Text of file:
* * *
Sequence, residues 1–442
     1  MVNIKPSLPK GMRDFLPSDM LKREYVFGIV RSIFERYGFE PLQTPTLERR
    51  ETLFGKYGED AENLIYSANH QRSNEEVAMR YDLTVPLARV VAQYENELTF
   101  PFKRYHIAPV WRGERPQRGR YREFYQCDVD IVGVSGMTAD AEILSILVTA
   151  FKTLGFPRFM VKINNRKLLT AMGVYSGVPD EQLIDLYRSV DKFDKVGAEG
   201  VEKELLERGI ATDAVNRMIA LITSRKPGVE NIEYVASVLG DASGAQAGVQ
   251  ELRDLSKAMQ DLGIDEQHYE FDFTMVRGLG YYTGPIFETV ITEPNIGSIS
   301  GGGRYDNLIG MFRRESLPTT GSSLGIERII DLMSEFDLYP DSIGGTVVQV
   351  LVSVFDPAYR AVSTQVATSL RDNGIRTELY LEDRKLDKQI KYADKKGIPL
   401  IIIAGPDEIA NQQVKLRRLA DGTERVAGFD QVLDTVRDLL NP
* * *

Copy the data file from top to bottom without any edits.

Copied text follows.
Sequence, residues 1–442
     1  MVNIKPSLPK GMRDFLPSDM LKREYVFGIV RSIFERYGFE PLQTPTLERR
    51  ETLFGKYGED AENLIYSANH QRSNEEVAMR YDLTVPLARV VAQYENELTF
   101  PFKRYHIAPV WRGERPQRGR YREFYQCDVD IVGVSGMTAD AEILSILVTA
   151  FKTLGFPRFM VKINNRKLLT AMGVYSGVPD EQLIDLYRSV DKFDKVGAEG
   201  VEKELLERGI ATDAVNRMIA LITSRKPGVE NIEYVASVLG DASGAQAGVQ
   251  ELRDLSKAMQ DLGIDEQHYE FDFTMVRGLG YYTGPIFETV ITEPNIGSIS
   301  GGGRYDNLIG MFRRESLPTT GSSLGIERII DLMSEFDLYP DSIGGTVVQV
   351  LVSVFDPAYR AVSTQVATSL RDNGIRTELY LEDRKLDKQI KYADKKGIPL
   401  IIIAGPDEIA NQQVKLRRLA DGTERVAGFD QVLDTVRDLL NP